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News / Clark County News

From the newsroom: Documenting journalism’s junkyard

By Craig Brown, Columbian Editor
Published: April 13, 2024, 6:09am

I am afraid of rats. My wife doesn’t like snakes. And journalists are scared of a company called Alden Global Capital.

Unlike the first two fears, which are more like phobias, there’s good reason to fear Alden and its effect on American newspapers.

The hedge fund buys papers, then lays off much of the staff, particularly in the newsroom. The profits for the shareholders are greatly increased at these “ghost newspapers,” but there’s hardly anyone left to carry out journalism’s core mission: to find and report important stories so that citizens can know what their government is doing.

When advertisers and readers give up in disgust, Alden closes the paper and sells the remaining assets. Just last week, Alden subsidiaries announced the closure of 10 small newspapers and a printing plant in Minnesota.

“Many newspapers throughout the country have been challenged during the past decade or longer by changing lifestyle habits, especially by the dramatic shift in advertising revenue from local print publications to digital options such as Google, Facebook and Amazon,” the company wrote in its closure announcement. And this is true. But award-winning documentary filmmaker Rick Goldsmith has documented the special pain Alden brings to its newspapers and their readers.

Goldsmith’s film is titled “Stripped for Parts: American Journalism on the Brink.” The Columbian is sponsoring a showing at 6 p.m. May 2 at the Kiggins Theatre in downtown Vancouver. Afterward, Goldsmith and Columbian Associate Editor Will Campbell will discuss the film and the issues it raises. Tickets cost $15 and are on sale now at columbian.ticketbud.com/journalismdocumentary.

Not long ago, the same sort of event was held in Oakland, Calif., where one of Alden’s holding companies oversaw the demise of the Oakland Tribune. Before the showing, Goldsmith was interviewed by film critic and journalist Randy Myers.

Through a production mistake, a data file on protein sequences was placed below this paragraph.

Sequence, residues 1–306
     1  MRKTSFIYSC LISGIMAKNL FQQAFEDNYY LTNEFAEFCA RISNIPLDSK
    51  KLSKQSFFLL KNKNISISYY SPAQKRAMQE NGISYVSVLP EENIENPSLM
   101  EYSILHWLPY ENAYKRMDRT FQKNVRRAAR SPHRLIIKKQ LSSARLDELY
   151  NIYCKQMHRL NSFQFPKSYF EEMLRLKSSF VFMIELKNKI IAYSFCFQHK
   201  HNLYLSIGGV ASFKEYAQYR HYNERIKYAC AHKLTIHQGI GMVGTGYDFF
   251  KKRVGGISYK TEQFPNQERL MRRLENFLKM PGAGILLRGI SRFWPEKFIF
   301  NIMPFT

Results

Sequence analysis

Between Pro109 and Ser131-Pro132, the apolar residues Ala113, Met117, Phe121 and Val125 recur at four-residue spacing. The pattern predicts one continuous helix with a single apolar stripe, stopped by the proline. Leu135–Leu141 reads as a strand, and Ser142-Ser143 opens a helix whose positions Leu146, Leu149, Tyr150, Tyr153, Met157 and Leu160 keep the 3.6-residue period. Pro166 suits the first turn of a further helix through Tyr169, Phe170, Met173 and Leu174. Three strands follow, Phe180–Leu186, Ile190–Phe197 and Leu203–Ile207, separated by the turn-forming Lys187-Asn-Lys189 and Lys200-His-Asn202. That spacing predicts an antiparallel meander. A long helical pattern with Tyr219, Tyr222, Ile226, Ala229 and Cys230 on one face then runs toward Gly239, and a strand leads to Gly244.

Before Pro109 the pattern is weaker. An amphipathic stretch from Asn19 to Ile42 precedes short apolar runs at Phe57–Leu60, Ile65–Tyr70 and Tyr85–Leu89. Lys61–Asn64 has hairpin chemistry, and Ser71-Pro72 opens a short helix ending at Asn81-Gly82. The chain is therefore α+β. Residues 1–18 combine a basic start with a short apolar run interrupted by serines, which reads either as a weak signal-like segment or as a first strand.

“The award-winning documentary describes the ethically questionable business tactics of Alden, its founder Randall Smith and president Heath Freeman,” Myers wrote. “It also tells stories of brave journalists, particularly reporters at the Denver Post, who stood up to their bosses at risk of losing their jobs. The film, which could have been an outright downer about the decrepit state of journalism, morphs into a thoughtful overview of a new path for journalism, via a nonprofit model.”

Goldsmith talked with Myers about why he made “Stripped for Parts.”

“(What) became apparent as the No. 1 thing was that these people, illegitimate owners of newspapers, were not connected to the communities. And they saw no purpose in making their newspapers good newspapers. … I read about (Alden founder Randy Smith’s) mansions in Florida and the sucking out of the profits and putting them either into other business ventures or personal mansions. … It was one thing after another. It was like the step of evilness kept going up with each new thing I found out,” Goldsmith said.

“Now what we’re finding out is that private equity and hedge funds — which are almost the same thing — are buying up so much of our daily lives. You know they’re in trailer home parks. They’re in hospitals. They’re in prisons. They’re in schools. And it’s the same model that they use for those things. So where does that leave the average person? With institutions that are weaker and don’t serve the public, and without a voice. What these newspaper men and women were showing is that you’ve got to use your voice.”

The Columbian has faced, and continues to face, its own challenges. I believe its fourth-generation family ownership will be the secret to its enduring success. But the screening of Goldsmith’s film and the discussion to follow will show what is happening to the local news in too many communities.